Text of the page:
2. Rebellion is a way to force rebels' views on legal matter upon the Iron throne. The rebels cast down Maegor's regime and replaced Maegor's chosen heir with a candidate more preferable to them. And what's good for a goose is good the gander. If Jaehaerys could gain the throne by bypassing previous King's chosen female heir and disregarding King's decision to disinherit him... then why should anyone be overly concerned with Viserys' eerily similar proclamations? He didn't even disinherit Aegon. Had Jaehaerys clearly eliminated Maegor from the royal lists, abandoned/re-checked all of Maegor's decrees under his own authority, the answer would be clear. But since Maegor is Schrödiger's King, whose status is neither here nor there... That's demonstrably not true. Jaehaerys did nothing to reverse Maegor's land grants, so clearly he inherited more that just the laws against Faith Militant. Yes. As your quotes helpfully demonstrate, most people don't give a damn. There is a handful of minor irrelevant figures here and there, but that's it. The movers and shakers of the Dance don't care about vows of 105. First, Rhaenyra did not win by a landslide in the Reach, more to the opposite actually. If we count major Houses - the direct vassals of Tyrells - the Greens mustered ten (Hightowers, Peakes, Redwynes, Roxtons, Norcrosses, Ambroses, Leygoods, Risleys, Gracefords and Fossoways). The Blacks got six (Rowans, Tarlys, Merryweathers, Grimms, Footlys and Caswells) plus a few lesser Houses. vassals of vassals (Hightower vassals, I believe). Nobody got a landslide in the Reach, but Aegon II had a comfortable advantage. As for Westeros at large, there is no evidence Rhaenyra had the upper hand in support due to the vow of 105. As I have mentioned earlier, most people didn't care, even amongst the Blacks. Cregan was like - "Gib or GTFO". And then he just sent a token force and sat out the rest of the war until it was decided. Jeyne Arryn was more concerned with her own position - and then joined late Lord Stark on the sidelines. Dalton wanted to pillage and rape. Even Elmo Tully who rallied the Blacks in the Riverlands said "A dragon in one's courtyard does wonder to resolve one's doubts" and was perfectly content to sit in the Riverrun until said dragon landed in his yard. It seems to me a hypothetical Great Council would end up the same way 101's Council did. Even Rhaenyra was astute enough to realize that, saying “We both know how this council would rule".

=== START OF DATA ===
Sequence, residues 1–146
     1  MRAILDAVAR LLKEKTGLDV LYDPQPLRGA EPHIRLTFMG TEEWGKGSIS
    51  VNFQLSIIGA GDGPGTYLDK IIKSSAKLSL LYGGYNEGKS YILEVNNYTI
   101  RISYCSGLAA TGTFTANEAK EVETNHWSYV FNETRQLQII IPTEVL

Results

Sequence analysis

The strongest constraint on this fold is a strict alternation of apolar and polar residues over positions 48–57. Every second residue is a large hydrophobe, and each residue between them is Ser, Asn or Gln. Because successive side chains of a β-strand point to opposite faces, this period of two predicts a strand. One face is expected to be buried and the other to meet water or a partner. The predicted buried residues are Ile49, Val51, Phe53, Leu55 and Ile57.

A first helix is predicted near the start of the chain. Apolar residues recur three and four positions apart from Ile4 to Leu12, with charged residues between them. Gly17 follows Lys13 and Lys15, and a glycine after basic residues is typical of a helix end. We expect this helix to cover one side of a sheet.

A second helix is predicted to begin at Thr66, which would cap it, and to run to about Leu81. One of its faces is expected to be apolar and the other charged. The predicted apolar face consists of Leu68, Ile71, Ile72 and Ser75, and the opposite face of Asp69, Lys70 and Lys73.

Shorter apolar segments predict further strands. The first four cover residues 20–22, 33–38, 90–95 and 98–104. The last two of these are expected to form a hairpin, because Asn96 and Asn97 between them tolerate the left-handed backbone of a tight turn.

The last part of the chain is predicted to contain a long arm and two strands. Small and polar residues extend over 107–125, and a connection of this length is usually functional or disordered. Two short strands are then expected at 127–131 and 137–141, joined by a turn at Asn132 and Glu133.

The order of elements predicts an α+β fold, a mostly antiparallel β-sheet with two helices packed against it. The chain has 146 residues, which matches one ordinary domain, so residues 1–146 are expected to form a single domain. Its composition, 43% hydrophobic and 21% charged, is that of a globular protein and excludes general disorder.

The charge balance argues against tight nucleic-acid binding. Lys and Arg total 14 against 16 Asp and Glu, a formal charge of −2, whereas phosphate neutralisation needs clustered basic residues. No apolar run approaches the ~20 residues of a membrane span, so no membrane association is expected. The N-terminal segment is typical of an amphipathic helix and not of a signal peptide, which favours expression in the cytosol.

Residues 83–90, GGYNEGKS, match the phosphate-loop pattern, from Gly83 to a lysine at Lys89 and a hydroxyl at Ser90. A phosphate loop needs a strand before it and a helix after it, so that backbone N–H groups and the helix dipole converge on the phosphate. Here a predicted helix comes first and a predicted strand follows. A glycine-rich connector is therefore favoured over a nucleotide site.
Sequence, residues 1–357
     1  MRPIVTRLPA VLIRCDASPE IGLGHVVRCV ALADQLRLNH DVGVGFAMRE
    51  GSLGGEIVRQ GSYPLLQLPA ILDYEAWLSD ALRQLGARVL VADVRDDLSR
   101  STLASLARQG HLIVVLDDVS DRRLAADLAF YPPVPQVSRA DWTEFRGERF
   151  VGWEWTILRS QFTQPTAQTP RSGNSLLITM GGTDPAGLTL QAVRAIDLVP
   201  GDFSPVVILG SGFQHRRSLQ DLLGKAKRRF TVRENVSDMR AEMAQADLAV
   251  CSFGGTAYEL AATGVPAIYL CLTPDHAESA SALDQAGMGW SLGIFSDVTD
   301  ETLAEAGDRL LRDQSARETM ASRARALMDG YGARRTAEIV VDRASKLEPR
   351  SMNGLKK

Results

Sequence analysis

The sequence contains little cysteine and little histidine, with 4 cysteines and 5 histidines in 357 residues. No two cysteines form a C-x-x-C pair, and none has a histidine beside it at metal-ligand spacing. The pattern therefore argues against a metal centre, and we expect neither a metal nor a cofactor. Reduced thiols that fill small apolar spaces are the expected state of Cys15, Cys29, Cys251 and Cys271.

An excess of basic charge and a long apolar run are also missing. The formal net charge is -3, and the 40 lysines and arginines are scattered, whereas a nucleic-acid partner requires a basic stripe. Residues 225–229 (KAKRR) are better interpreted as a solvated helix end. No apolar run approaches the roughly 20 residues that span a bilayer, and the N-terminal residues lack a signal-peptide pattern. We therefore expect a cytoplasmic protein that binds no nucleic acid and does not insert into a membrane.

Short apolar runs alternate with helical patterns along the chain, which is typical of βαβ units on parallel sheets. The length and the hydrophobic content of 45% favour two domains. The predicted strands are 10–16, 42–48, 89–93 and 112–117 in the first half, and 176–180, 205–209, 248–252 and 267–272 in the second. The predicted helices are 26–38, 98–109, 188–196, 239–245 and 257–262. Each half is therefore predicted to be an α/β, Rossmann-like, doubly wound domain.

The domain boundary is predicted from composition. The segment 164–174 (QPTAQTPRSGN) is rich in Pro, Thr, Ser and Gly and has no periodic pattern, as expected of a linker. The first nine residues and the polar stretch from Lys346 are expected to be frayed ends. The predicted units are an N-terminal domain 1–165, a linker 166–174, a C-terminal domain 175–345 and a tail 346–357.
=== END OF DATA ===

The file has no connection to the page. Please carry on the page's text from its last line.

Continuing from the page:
3. Because Maegor specifically tried to disinherit Jaeharys and appoint Aerea as his heir instead. Which didn't work (even though Maegor was acknowledged as King by later Targaryerns) - creating a precedent that King's extravangant wishes on succession can indeed be disregarded. In practice it was yet another case of favoring male claimant over female one even though "normal" Andal tradition would favor Aegon's daughter (Aerea) over brother (Jaehaerys). That's the problem Maegor and Jaehaerys created. On one hand, Maegor was accepted as King, his decisions stood unless specifically repealed by his successors (like lands grants). On the other hand, Jaehaerys called Maegor usurper and in effect rebelled against him. So people rebelling against Maegor (due to Jaehaerys' unwillingness to completely cut ties with previous regime) ended up in a curious situation. They were rebelling against the King (which is treason and illegal) but also against the usurper (which is not treason and can not be illegal). This schizophrenic approach created an unnecessary ambiguity - something that should have been avoided given how Maegor made landmark decisions in vital business of royal succession. The first statement can not be derived from the second one because in general people don't seem to give a shit about 105 one way or another. If you follow decision-making process of key Houses during the Dance, they are more concerned about what the law says, which claimant they are closer to and what the claimant offers to them personally. Viserys could have just hosted a big tourney instead, 105 did nothing to actually secure Rhaenyra as potential heir.